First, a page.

BUCHANAN — Indian Point officials say they believe they’ve tracked the source of a radioactive strontium leak at the nuclear plant to the defunct Indian Point 1’s spent-fuel pool.

They have begun using chemical filters to lower radiation levels in the pool while they try to control the leak.

Company engineers and hydrologists took that action after an underground sump designed to collect runoff from emergency water-cooling operations showed strontium levels 10 times higher than anywhere else on the property.

The most recent sampling of the collection sump showed strontium levels of 296 picocuries per liter, about 25 times the allowable levels for drinking water.

Nuclear Regulatory Commission inspectors and state health officials have said radiation has not been found in any drinking water sources on or off the site, though they and company officials acknowledge the irradiated water is likely making its way to the Hudson River.

Environmentalists and some local residents have not been assured by either the company or the NRC, expressing continuing and sometimes angry concern that no one is sure just how much radiation is traveling to nearby water sources.

Earlier underground water samples showed strontium levels of about 30 picocuries per liter at the highest concentrations, within about 150 feet of the Hudson River.

“You’d expect to find higher concentrations (of strontium) as you get closer to the source, and that’s what we’ve found,” said Donald Mayer, Indian Point’s lead official on the leaks of irradiated water that began showing up in August. “The numbers near the river haven’t changed.”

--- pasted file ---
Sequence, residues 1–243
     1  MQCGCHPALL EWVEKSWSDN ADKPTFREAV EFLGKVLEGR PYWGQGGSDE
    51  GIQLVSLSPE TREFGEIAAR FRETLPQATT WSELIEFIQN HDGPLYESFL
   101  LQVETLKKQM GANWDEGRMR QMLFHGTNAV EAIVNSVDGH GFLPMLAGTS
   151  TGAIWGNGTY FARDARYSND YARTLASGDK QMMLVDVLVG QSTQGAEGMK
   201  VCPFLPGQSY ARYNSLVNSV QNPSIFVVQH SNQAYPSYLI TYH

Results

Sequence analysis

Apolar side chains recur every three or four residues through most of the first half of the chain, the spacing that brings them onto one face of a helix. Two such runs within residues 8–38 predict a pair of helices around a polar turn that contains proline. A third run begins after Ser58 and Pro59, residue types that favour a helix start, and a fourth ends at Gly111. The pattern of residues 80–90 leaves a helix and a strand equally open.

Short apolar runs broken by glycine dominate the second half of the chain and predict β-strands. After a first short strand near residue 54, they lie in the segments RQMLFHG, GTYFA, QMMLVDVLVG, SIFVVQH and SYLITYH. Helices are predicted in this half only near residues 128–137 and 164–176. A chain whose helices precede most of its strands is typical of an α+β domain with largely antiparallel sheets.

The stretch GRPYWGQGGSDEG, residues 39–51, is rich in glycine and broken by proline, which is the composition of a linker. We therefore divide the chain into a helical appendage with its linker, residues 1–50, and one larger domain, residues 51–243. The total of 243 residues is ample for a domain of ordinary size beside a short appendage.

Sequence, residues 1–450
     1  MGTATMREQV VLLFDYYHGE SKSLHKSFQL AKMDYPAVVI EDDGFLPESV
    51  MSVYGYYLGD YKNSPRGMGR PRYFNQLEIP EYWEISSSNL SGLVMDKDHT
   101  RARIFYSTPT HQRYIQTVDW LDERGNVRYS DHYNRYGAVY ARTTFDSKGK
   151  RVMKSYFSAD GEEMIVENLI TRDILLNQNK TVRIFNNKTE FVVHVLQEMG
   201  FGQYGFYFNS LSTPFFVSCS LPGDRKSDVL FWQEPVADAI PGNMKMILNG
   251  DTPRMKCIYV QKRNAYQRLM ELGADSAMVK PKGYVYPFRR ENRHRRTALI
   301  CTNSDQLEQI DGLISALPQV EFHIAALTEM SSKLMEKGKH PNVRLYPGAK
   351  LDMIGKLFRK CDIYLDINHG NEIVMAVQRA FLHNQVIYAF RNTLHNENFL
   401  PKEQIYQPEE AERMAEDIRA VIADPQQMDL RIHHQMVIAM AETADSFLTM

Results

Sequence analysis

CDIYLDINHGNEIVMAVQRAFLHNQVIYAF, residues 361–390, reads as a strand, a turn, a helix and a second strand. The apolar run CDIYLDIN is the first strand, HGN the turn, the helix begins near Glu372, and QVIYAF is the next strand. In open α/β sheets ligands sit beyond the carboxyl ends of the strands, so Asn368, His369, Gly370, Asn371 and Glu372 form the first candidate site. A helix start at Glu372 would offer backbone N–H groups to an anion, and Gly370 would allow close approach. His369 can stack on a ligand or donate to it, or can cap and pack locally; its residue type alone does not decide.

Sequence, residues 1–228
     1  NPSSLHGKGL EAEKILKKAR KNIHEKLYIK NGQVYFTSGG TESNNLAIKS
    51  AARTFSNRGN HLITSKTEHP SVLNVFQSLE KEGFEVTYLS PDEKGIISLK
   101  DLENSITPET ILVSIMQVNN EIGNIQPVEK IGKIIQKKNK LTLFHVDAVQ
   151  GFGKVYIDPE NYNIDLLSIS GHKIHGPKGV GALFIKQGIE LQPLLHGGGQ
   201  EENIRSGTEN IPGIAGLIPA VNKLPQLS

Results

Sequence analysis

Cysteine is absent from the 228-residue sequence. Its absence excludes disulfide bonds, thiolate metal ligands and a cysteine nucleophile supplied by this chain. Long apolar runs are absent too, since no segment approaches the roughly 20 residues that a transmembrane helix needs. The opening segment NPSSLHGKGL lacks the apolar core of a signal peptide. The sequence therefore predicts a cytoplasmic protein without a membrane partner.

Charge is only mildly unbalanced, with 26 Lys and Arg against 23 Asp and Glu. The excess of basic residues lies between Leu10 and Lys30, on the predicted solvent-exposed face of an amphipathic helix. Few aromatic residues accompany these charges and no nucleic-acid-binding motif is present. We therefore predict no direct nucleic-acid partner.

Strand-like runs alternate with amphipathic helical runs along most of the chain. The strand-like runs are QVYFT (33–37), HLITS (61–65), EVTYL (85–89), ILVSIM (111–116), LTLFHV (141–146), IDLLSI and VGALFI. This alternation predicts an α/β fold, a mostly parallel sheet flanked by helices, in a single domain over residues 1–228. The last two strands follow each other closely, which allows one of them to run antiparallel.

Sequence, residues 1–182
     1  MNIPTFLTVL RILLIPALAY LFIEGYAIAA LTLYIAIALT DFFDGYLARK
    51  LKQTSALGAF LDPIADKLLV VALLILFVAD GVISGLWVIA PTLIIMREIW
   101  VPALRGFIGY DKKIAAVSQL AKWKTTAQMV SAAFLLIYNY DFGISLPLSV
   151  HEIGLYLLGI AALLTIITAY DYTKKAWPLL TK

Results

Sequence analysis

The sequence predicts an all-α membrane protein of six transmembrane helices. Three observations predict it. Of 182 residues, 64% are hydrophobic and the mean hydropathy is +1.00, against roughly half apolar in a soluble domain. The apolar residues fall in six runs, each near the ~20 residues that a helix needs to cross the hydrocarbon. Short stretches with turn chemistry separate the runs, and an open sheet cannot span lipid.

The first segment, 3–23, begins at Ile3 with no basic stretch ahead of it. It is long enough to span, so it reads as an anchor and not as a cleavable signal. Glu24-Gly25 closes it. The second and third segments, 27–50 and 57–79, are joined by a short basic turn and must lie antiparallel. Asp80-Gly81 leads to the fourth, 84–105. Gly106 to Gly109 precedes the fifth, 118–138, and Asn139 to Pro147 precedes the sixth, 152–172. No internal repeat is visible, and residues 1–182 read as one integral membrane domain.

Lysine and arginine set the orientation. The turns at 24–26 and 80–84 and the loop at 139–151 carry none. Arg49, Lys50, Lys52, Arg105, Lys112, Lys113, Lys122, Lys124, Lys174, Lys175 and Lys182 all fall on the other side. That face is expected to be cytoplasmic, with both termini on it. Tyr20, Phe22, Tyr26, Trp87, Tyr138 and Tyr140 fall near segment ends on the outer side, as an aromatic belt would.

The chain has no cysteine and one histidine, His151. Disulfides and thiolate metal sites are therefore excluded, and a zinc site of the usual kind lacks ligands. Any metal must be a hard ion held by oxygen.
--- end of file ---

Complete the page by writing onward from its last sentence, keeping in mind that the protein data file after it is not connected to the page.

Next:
Mayer said the suspected water source is about 400 feet from the Hudson River, filling a third of a 30,000-gallon, concrete-lined pool.

The irradiated water leaks have been a problem since late summer for Entergy Nuclear Northeast, the owner of the three nuclear plants in Buchanan.

Tritium was the first radioactive isotope to show up after a hairline crack was discovered in the base of Indian Point 2’s spent-fuel pool during excavation. Company officials are still tracking the source and extent of that leak.

The company dug 23 wells to map the underground water plume, and the samples taken showed strontium as well.

Mayer said yesterday that the higher strontium levels in the sump have prompted the company to plot out 12 more wells to surround the Indian Point 1 spent-fuel area, at an estimated cost of $2 million.

NRC spokesman Neil Sheehan confirmed yesterday that the strontium levels elsewhere on the site have remained stable and the agency approved of Entergy’s current plans for additional wells, and the chemical filtering to lower strontium levels in Indian Point 1’s spent-fuel pool.

Entergy officials said yesterday that strontium levels inside the spent-fuel pool were about 200,000 picocuries per liter.

That pool has been leaking between 25 and 50 gallons of irradiated water a day since the early 1990s. Entergy bought the plants from Consolidated Edison in 2001, expecting to contain the leak until the pool could be drained.

Currently, that water is captured by curtain drains underneath the pool that direct the water to a treatment area before it is released to the Hudson River at radiation levels permitted by the Environmental Protection Agency.

Mayer and other company hydrology experts say the believe the curtain-drain system may not be collecting everything it is supposed to and the new ring of wells should detect the amount of water escaping.

The strontium readings are not higher than one would expect in that area because the concrete and dirt surrounding the pool act as a filter for the radioactive isotopes.

Company officials are working on moving the spent fuel from Indian Point 1 to dry cask storage being built at the site and scheduled for completion late in 2007.

Once that move is made, the spent-fuel pool water — which cools the used rods of uranium and acts as a protective shield — can be drained, treated and released, officials said.

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